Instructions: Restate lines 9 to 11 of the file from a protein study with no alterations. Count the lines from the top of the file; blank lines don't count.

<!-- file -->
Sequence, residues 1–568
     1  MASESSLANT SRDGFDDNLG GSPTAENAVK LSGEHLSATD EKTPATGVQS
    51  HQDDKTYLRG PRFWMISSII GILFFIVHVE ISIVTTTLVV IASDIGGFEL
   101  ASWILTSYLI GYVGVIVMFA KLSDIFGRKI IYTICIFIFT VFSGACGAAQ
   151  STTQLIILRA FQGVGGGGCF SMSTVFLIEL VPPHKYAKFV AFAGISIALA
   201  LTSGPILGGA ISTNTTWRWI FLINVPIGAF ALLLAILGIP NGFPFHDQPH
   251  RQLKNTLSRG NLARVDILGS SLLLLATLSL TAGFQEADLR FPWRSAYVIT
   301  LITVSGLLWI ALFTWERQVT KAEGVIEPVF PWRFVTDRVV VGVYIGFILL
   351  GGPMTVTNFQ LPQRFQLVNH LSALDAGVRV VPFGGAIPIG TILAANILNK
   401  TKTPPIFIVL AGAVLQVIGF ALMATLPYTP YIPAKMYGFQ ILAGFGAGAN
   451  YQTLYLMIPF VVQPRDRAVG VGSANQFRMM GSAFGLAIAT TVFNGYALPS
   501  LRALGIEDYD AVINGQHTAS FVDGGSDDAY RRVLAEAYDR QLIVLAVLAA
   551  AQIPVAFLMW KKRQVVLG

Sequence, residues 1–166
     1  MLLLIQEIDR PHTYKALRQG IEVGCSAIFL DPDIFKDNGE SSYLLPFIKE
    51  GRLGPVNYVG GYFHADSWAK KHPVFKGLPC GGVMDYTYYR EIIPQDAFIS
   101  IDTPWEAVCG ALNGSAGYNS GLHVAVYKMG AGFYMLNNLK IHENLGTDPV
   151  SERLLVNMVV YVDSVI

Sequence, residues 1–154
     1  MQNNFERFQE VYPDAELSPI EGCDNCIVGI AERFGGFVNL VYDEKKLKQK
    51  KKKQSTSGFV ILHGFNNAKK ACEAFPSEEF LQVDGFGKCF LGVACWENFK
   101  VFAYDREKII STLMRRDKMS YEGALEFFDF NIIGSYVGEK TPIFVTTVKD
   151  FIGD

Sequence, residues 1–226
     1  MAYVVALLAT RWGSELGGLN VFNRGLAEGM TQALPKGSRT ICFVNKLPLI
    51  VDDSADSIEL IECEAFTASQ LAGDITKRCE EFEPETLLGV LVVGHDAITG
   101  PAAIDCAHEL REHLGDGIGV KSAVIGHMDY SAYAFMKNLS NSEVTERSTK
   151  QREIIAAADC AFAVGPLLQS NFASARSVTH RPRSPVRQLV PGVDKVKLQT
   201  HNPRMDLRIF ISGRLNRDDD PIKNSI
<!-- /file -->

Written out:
   351  GGPMTVTNFQ LPQRFQLVNH LSALDAGVRV VPFGGAIPIG TILAANILNK
   401  TKTPPIFIVL AGAVLQVIGF ALMATLPYTP YIPAKMYGFQ ILAGFGAGAN
   451  YQTLYLMIPF VVQPRDRAVG VGSANQFRMM GSAFGLAIAT TVFNGYALPS